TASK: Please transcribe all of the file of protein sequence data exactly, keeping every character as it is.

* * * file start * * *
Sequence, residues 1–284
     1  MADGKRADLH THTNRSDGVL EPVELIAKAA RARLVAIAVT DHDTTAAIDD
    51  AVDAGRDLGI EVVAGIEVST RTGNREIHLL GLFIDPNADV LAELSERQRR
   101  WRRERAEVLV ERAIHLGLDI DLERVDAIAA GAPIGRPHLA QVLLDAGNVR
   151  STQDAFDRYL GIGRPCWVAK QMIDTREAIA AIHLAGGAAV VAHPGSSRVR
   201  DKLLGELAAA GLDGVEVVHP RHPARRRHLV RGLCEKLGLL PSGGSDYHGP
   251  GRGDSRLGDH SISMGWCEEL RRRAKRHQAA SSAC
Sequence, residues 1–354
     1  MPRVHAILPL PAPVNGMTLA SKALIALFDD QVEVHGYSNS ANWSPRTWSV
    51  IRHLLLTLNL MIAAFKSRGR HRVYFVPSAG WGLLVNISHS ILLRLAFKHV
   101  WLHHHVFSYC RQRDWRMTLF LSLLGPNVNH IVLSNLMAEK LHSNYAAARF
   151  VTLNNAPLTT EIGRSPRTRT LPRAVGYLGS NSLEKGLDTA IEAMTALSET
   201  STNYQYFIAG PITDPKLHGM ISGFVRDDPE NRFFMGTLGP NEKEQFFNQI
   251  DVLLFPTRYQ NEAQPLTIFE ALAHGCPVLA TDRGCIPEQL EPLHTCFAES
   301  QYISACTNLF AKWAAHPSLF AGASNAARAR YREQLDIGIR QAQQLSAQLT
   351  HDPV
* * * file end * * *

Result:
Sequence, residues 1–284
     1  MADGKRADLH THTNRSDGVL EPVELIAKAA RARLVAIAVT DHDTTAAIDD
    51  AVDAGRDLGI EVVAGIEVST RTGNREIHLL GLFIDPNADV LAELSERQRR
   101  WRRERAEVLV ERAIHLGLDI DLERVDAIAA GAPIGRPHLA QVLLDAGNVR
   151  STQDAFDRYL GIGRPCWVAK QMIDTREAIA AIHLAGGAAV VAHPGSSRVR
   201  DKLLGELAAA GLDGVEVVHP RHPARRRHLV RGLCEKLGLL PSGGSDYHGP
   251  GRGDSRLGDH SISMGWCEEL RRRAKRHQAA SSAC
Sequence, residues 1–354
     1  MPRVHAILPL PAPVNGMTLA SKALIALFDD QVEVHGYSNS ANWSPRTWSV
    51  IRHLLLTLNL MIAAFKSRGR HRVYFVPSAG WGLLVNISHS ILLRLAFKHV
   101  WLHHHVFSYC RQRDWRMTLF LSLLGPNVNH IVLSNLMAEK LHSNYAAARF
   151  VTLNNAPLTT EIGRSPRTRT LPRAVGYLGS NSLEKGLDTA IEAMTALSET
   201  STNYQYFIAG PITDPKLHGM ISGFVRDDPE NRFFMGTLGP NEKEQFFNQI
   251  DVLLFPTRYQ NEAQPLTIFE ALAHGCPVLA TDRGCIPEQL EPLHTCFAES
   301  QYISACTNLF AKWAAHPSLF AGASNAARAR YREQLDIGIR QAQQLSAQLT
   351  HDPV